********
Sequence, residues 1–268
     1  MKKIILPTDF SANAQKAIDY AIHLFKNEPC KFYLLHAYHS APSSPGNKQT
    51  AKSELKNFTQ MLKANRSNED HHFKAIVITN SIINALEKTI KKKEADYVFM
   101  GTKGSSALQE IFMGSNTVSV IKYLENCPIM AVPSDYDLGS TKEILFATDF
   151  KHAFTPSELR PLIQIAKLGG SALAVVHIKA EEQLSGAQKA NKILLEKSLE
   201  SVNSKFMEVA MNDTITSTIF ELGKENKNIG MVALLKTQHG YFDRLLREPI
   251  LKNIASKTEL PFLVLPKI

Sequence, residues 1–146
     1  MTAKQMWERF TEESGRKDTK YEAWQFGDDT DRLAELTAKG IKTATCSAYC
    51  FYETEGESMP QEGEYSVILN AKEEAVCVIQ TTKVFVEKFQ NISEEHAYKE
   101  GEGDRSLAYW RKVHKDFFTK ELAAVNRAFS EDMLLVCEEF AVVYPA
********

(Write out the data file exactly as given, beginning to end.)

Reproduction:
Sequence, residues 1–268
     1  MKKIILPTDF SANAQKAIDY AIHLFKNEPC KFYLLHAYHS APSSPGNKQT
    51  AKSELKNFTQ MLKANRSNED HHFKAIVITN SIINALEKTI KKKEADYVFM
   101  GTKGSSALQE IFMGSNTVSV IKYLENCPIM AVPSDYDLGS TKEILFATDF
   151  KHAFTPSELR PLIQIAKLGG SALAVVHIKA EEQLSGAQKA NKILLEKSLE
   201  SVNSKFMEVA MNDTITSTIF ELGKENKNIG MVALLKTQHG YFDRLLREPI
   251  LKNIASKTEL PFLVLPKI

Sequence, residues 1–146
     1  MTAKQMWERF TEESGRKDTK YEAWQFGDDT DRLAELTAKG IKTATCSAYC
    51  FYETEGESMP QEGEYSVILN AKEEAVCVIQ TTKVFVEKFQ NISEEHAYKE
   101  GEGDRSLAYW RKVHKDFFTK ELAAVNRAFS EDMLLVCEEF AVVYPA